Charlo has been both an observer and a key player in the education sector, with experience dating back to his top position in the Education Ministry from 2003 to 2008. For the Mediterranean College of Sport, the past year was dedicated to the meticulous preparation of the grand opening scheduled for September 2024. This extensive groundwork involved essential steps, such as the formation of a robust senior leadership team. Notable recruitment achievements included the appointment of Mariucca Fenech, formerly the head of St Joseph School in Sliema, as the head of MCS, and George Micallef, former head of the National Sport School, as director of sport. These appointments ensure expertise in the school’s academic and sports aspects.

“We also concluded the recruitment of the assistant heads of school who will be joining in the first part of 2024, as well as running a recruitment campaign for teachers who we are currently interviewing. We also ran a campaign to recruit coaches and other technical staff, including a sport psychologist, a sport nutritionist and strength and conditioning coaches,” Charlo explains. The construction of the school, designed to accommodate up to 390 students, started once the Planning Authority building permit was issued. Sister company Vassallo Builders undertook this endeavour, which included refurbishing the sports pavilion, constructing a new canteen, and creating state-of-the-art facilities such as a dance studio and a fitness centre, now branded as PowerLab.

The construction of a new 100-bed hostel is ready, and work on a new gymnastics hall, sports science and research centre and swimming pool are at an advanced stage. Meanwhile, construction on the new childcare centre will start soon. The overall project is set to reach completion by early 2024. The MCS team has actively engaged with parents and prospective student-athletes, organised meetings, and maintained connections with key stakeholders, such the Malta Football Association, the Aquatic Sport Association of Malta and Athletics Malta, as well as with other stakeholders both in Malta and abroad to ensure a smooth kick-off. Participating in the ICEF education fair for the first time also expanded the institution’s international reach.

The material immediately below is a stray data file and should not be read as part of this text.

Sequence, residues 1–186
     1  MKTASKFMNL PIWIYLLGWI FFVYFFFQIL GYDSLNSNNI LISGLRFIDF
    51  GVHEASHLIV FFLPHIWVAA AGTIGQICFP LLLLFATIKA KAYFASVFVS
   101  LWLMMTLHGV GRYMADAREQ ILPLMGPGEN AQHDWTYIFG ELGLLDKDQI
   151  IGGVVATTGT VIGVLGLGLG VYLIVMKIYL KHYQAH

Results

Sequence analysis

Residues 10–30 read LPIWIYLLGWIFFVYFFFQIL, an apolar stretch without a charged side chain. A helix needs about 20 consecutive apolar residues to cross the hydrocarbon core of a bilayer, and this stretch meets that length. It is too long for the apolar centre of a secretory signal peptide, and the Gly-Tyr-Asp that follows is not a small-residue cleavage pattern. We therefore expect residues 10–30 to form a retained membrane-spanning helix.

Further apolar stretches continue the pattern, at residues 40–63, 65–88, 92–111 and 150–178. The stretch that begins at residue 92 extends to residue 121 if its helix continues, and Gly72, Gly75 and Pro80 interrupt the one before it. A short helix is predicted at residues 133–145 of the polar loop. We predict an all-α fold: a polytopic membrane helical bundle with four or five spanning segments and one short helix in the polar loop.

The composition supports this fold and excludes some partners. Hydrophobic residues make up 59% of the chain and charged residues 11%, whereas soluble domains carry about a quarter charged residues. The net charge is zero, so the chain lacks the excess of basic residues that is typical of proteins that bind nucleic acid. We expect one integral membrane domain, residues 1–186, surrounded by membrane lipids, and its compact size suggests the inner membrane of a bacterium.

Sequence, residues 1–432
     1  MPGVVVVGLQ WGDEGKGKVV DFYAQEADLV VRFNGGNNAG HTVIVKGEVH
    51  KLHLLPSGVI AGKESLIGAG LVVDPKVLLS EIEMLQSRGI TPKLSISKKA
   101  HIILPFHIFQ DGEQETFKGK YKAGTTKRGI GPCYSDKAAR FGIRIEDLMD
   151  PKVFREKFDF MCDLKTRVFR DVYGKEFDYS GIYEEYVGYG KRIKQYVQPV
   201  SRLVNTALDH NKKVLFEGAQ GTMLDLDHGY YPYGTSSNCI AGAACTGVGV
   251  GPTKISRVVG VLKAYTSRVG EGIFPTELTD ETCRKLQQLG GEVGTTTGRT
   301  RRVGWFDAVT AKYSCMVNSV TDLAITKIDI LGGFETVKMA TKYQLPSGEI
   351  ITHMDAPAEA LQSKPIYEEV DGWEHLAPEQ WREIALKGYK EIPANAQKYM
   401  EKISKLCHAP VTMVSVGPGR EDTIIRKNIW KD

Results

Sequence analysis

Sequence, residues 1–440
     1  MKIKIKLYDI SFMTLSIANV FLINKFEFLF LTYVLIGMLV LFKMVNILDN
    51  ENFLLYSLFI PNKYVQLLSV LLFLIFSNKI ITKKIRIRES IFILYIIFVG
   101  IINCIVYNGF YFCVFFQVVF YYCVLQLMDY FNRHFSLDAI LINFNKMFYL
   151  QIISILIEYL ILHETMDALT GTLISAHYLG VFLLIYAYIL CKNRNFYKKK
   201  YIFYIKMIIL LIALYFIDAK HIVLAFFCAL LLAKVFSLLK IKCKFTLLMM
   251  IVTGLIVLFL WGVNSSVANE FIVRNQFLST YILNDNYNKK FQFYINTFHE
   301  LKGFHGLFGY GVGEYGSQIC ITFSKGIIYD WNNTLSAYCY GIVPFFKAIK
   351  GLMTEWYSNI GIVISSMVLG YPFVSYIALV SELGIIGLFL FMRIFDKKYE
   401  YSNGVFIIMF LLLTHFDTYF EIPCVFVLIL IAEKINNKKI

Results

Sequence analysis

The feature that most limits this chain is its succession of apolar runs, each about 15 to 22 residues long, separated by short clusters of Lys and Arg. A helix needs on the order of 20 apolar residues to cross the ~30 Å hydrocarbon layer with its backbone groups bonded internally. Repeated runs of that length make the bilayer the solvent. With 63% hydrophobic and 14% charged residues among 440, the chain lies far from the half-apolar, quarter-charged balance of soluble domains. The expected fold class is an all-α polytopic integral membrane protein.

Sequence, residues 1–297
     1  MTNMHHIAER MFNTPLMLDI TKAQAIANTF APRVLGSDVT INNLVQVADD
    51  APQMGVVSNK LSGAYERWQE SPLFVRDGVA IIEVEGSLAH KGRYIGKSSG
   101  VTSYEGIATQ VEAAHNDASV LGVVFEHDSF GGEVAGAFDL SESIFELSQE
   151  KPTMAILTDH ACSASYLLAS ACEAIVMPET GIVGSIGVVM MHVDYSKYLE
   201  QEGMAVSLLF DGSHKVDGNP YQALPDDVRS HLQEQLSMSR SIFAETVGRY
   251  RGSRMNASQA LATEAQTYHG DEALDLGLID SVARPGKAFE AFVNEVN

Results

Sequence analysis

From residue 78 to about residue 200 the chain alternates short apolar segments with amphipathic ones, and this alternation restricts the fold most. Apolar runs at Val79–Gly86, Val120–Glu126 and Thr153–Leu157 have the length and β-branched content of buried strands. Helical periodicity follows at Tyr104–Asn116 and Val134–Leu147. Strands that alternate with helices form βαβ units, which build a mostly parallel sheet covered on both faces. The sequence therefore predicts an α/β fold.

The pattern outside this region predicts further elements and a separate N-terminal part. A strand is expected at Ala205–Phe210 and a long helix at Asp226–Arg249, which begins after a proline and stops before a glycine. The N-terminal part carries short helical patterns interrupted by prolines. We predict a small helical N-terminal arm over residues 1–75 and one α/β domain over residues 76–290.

“We will be the first private institution to offer this kind of education at secondary and sixth form level. We hope to offer students the opportunity to achieve success in education without giving up their dream to focus and specialise in their sport.” Learning Works also had a dynamic year. While continuing to offer courses in areas such as health and social care, it expanded its offerings to include a BSc degree programme in Management, a Diploma in Sport, and a Postgraduate Certificate in Eating Disorders and Obesity. 

“We also celebrated the first graduation ceremony for students achieving a Masters in International Sport Coaching, a programme run in collaboration with Liverpool John Moores University,” he proudly notes. Charlo feels that having so many public and private institutions, offering accredited courses from the very basic up to a PhD, may be challenging from a business point of view, but for the student this is a great opportunity. “Throughout the years I have experienced so many success stories of individuals who would have stopped studying at 16 but decided to return later in life.

Indeed, many individuals, mostly women, have acquired qualifications at our institution once they realised education was key to helping them move up the ladder.” Facing stiff competition in a limited student market, Learning Works has focused on offering courses aligned with market demand and maintaining high standards. “We keep our ears to the ground to ensure we continue offering courses that are required and to adapt to remain competitive. We are a small team. However, I am very proud that each member contributes as if this was their own company.”